Windermere top economist says no bubble; sees slower, sustainable growth for Snoqualmie Valley housing market

The Chief Economist for Windermere Real Estate, Matthew Gardner, made a stop in the Snoqualmie Valley on September 5th to offer his insight into the U.S. economy, the Puget Sound economy and the Snoqualmie Valley real estate market.

Gardner was the featured speaker at an event hosted by local Snoqualmie real estate group, The Siwek Team, at the Club at Snoqualmie Ridge.

As far as the U.S. economy goes, Gardner summarized it as being in a ‘Goldilocks Zone,’ meaning it’s not hot nor cold. Businesses continued to add jobs (think 106 straight months) and unemployment remains low/stable.

He did say he sees a few recession indicators popping up, but said recessions don’t scare him as historically the U.S. economy has always been cyclical with about 5.5 years between recessions. Some of the recession indicators mentioned were inverted yield curves, the manufacturing index trending downward and a more cautious consumer sentiment.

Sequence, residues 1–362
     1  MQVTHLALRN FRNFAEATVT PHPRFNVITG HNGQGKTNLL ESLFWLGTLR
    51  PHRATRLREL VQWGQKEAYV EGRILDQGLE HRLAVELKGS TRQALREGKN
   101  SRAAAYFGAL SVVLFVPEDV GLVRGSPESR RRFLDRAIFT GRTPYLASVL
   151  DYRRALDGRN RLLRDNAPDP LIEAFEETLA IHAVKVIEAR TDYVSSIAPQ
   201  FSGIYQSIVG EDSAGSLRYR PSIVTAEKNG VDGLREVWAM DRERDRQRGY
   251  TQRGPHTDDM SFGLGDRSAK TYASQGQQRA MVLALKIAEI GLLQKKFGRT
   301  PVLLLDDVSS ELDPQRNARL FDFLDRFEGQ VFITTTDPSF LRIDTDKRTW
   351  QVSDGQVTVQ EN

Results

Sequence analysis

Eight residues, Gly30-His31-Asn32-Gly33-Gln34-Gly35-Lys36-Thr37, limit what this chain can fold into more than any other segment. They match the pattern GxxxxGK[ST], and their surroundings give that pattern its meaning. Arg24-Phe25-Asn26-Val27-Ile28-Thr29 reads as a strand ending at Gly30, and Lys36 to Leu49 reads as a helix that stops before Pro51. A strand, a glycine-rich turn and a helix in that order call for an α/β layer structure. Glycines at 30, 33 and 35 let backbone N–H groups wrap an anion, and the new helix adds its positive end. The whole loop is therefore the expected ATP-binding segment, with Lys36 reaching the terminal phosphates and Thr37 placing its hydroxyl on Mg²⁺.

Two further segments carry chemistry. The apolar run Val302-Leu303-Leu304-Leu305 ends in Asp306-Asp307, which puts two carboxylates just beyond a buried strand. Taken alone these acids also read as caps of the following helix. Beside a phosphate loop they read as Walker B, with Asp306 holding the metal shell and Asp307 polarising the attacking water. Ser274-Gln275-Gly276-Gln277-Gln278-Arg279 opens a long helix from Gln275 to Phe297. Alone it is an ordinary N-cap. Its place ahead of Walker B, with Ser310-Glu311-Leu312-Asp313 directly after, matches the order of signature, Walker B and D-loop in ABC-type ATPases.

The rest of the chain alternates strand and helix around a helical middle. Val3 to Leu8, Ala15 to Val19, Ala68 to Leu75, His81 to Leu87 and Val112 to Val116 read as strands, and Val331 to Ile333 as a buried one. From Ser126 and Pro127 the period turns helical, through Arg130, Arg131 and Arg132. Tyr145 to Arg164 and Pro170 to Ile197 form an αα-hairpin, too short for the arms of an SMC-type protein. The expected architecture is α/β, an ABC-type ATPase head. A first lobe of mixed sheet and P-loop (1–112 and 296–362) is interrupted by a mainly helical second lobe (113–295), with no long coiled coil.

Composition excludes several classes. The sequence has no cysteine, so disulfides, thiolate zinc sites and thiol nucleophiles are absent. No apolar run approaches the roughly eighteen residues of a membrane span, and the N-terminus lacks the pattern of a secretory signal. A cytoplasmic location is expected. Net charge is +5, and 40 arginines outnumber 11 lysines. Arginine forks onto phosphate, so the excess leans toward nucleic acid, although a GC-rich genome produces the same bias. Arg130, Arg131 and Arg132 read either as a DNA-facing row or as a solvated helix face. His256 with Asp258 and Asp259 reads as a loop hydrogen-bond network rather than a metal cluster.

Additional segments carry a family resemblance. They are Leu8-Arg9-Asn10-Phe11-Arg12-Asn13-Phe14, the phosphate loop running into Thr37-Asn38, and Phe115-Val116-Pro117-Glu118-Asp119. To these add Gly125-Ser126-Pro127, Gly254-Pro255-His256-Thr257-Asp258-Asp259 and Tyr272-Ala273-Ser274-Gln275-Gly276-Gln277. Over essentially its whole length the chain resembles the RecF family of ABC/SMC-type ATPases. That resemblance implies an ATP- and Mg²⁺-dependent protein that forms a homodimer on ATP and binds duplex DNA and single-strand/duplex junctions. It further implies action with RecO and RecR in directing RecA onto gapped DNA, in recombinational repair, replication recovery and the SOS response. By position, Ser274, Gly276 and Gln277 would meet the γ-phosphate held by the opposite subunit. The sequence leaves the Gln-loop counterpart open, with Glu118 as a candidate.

Gardner said trade wars are the culprit for the manufacturing retraction, which he didn’t see being resolved anytime soon. He noted that other countries were already in recessions, including Australia.

He said the national economy is not currently in a recession and reminded the room that U.S. has survived all recessions to date. He remains optimistic about the economy through next year, predicting sub 2% economy growth, but after mid 2020 he is more pessimistic.

So why does he think the U.S. might enter a recession? Companies struggling to hire is one reason. Gardner says currently there are 7.5 million job openings in the U.S. but not enough workers to fill them – and wage growth just isn’t there, especially when inflation is factored in. The U.S. is a consumer economy and if wages aren’t growing, he said people aren’t buying things.

So how might this all impact the local housing market? In a nutshell, Gardner said a potential recession won’t hurt home prices, especially not like they did in the 2008 recession when the people were in homes they couldn’t afford and in mortgages they should’ve never qualified for.

Gardner said the Puget Sound real estate market is ‘well and above’ many other U.S. markets, but the currently it is a ‘more rationale housing market.’ Gone are the years of 15-20% price increases.